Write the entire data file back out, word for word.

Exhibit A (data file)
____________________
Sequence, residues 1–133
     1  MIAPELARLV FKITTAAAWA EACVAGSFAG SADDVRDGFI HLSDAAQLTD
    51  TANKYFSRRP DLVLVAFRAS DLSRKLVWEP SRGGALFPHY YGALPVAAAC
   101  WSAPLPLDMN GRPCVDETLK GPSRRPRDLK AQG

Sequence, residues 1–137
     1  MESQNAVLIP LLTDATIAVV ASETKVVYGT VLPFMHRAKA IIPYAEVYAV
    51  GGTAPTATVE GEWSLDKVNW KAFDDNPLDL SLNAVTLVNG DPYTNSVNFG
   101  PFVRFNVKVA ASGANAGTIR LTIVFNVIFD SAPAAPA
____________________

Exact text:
Sequence, residues 1–133
     1  MIAPELARLV FKITTAAAWA EACVAGSFAG SADDVRDGFI HLSDAAQLTD
    51  TANKYFSRRP DLVLVAFRAS DLSRKLVWEP SRGGALFPHY YGALPVAAAC
   101  WSAPLPLDMN GRPCVDETLK GPSRRPRDLK AQG

Sequence, residues 1–137
     1  MESQNAVLIP LLTDATIAVV ASETKVVYGT VLPFMHRAKA IIPYAEVYAV
    51  GGTAPTATVE GEWSLDKVNW KAFDDNPLDL SLNAVTLVNG DPYTNSVNFG
   101  PFVRFNVKVA ASGANAGTIR LTIVFNVIFD SAPAAPA